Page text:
The reaction that Carol and Tyreese have is much different from the book, and all the more powerful because of it. The comic book parents, Dale and Andrea, have no idea how to deal with the slaughter, sheltering Ben from the rest of the group (not well enough). However, the show takes the most difficult road possible, and “does what has to be done.” It’s an especially strong move seeing as Tyreese is standing nearby, holding a baby and watching on as Carol did the deed. The actual mercy-kill is one of the most saddening things in the whole series. The complete Of Mice and Men inspired execution of Lizzie was a poetic ending for a misunderstood, but dangerous, character.
The conversation between Tyreese and Carol in the woods was a poignant moment in the episode. While it is a nice sentiment that one day this will all be over, Tyreese sees the it for what it is. The world is haunted, and there is nothing they can do to change that. The walkers will be there when they die. And it will be hard to forget all the things people did and had to do in order to survive. It was an appropriate reflective moment about survival and afterlife for the show.
Carol has grown more than any other character in the series – from battered wife to emotional rock. Overwhelmed with it all, she even decides to tell Tyreese the truth about Karen and David. She slides Tyreese the pistol and tells him to “do what he’s gotta do” – it’s kind of a theme here. Tyreese, of course, forgives her. They head off together down the tracks and back on the route to Terminus. This was definitely a growing issue for Carol, and hopefully whoever left the Peletier bandwagon in the mid-season can hop back on.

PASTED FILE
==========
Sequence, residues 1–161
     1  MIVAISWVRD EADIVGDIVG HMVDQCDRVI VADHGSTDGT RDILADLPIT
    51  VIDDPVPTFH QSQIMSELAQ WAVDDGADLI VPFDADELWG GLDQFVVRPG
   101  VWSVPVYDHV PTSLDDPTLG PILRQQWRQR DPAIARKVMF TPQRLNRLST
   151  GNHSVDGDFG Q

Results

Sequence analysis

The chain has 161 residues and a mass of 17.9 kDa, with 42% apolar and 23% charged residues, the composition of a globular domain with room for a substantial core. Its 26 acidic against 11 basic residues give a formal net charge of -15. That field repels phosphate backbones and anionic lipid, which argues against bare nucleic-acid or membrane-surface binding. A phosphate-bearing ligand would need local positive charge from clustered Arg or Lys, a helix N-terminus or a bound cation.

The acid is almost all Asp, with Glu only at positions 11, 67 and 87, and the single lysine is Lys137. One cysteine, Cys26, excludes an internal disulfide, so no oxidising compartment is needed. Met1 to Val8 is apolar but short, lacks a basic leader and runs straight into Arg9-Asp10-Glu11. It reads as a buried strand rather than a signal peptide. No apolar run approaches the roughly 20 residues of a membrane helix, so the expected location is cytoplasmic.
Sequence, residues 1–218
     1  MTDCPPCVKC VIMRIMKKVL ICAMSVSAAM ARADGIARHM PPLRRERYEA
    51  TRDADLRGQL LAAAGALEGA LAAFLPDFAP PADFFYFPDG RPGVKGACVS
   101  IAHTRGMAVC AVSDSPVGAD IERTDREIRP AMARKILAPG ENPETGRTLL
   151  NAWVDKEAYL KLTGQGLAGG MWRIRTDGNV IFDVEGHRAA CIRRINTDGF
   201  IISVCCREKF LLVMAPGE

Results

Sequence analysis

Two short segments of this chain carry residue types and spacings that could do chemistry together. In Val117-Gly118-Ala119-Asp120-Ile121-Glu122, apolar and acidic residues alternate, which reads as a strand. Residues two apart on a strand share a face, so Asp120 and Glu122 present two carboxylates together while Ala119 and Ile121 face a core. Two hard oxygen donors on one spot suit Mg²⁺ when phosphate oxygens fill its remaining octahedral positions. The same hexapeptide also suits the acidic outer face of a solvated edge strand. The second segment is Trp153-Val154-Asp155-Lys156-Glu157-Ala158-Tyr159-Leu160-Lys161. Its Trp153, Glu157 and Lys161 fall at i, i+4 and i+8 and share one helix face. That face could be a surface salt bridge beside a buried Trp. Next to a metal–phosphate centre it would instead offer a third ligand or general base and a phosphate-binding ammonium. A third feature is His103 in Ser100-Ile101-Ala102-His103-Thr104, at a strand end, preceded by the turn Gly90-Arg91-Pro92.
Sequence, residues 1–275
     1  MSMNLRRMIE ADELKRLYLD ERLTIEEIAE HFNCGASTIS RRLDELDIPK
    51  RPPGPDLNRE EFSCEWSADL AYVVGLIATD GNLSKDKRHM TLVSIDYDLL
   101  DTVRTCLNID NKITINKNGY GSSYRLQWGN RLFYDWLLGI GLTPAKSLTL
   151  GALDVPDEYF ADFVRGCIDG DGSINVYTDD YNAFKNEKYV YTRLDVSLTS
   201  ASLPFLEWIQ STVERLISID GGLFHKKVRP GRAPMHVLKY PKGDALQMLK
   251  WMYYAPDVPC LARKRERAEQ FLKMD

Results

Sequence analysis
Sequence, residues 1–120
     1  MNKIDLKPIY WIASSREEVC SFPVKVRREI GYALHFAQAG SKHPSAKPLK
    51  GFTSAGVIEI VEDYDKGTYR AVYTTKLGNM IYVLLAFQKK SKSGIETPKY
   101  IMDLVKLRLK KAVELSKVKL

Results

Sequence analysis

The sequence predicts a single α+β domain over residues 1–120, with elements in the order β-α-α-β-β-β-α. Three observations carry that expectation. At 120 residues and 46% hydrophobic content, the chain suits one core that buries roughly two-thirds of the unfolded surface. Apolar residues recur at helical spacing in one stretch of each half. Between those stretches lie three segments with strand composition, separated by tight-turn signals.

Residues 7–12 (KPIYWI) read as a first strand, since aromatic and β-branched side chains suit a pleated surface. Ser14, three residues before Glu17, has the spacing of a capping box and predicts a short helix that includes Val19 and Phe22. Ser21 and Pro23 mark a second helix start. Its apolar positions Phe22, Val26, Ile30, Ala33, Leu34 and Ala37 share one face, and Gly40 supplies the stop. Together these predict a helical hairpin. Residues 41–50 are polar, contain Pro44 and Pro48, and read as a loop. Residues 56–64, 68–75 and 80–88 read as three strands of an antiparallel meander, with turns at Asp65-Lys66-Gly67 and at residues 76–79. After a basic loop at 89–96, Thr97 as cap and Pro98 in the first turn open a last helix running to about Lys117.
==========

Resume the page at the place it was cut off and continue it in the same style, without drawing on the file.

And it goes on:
The loss of Mika hit extra hard, as she had been indirectly and directly compared to Sophia throughout the fourth season. She is now 0/3 in keeping children alive, so I’m hoping this brings out a badass-ness in Carol we haven’t gotten to see in some time. Judith has Tyreese and Carol, but who will take Griselda Gunderson? Doesn’t this world already have enough orphaned dolls?
Hush Comics gives “The Grove” a solid A. The emotional maturation of Carol and Tyreese gives Walking Dead fans something to chew on until we all reach Terminus in the finale (I mean, what else could the finale be alluding to?). Where previous episodes have straddled the line between filler and fundamental development, “The Grove” remains safely on the correct side. The Walking Dead also continues to push the envelope with sick new ways to show off walkers, this week with walkers that have been char-broiled from the house fire (we can only assume it’s the same house that Bethyl set ablaze in “Still“). With only two episodes left, we will turn our attention to “Us” next week. Just like in the first half of Season 4, I’m fearing that they will speed up everything, sacrificing for a logically consistent finale. We’re optimistic, though, that the road to Terminus will keep us on our toes.
All Walking Dead media credited to AMC Television.
Photo from Of Mice and Men film credited to MGM Studios.
written by Sherif Elkhatib